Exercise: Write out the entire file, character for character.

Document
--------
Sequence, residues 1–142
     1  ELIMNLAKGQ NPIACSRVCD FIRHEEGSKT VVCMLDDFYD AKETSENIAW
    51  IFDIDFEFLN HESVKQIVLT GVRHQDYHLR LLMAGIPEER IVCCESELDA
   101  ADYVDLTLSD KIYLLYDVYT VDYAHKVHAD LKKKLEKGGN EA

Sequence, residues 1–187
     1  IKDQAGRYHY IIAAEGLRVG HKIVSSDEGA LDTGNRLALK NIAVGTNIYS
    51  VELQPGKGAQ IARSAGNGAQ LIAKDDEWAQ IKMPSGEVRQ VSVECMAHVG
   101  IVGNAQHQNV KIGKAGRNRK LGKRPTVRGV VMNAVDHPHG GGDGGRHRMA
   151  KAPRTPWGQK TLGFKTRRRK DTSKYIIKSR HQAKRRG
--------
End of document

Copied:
Sequence, residues 1–142
     1  ELIMNLAKGQ NPIACSRVCD FIRHEEGSKT VVCMLDDFYD AKETSENIAW
    51  IFDIDFEFLN HESVKQIVLT GVRHQDYHLR LLMAGIPEER IVCCESELDA
   101  ADYVDLTLSD KIYLLYDVYT VDYAHKVHAD LKKKLEKGGN EA

Sequence, residues 1–187
     1  IKDQAGRYHY IIAAEGLRVG HKIVSSDEGA LDTGNRLALK NIAVGTNIYS
    51  VELQPGKGAQ IARSAGNGAQ LIAKDDEWAQ IKMPSGEVRQ VSVECMAHVG
   101  IVGNAQHQNV KIGKAGRNRK LGKRPTVRGV VMNAVDHPHG GGDGGRHRMA
   151  KAPRTPWGQK TLGFKTRRRK DTSKYIIKSR HQAKRRG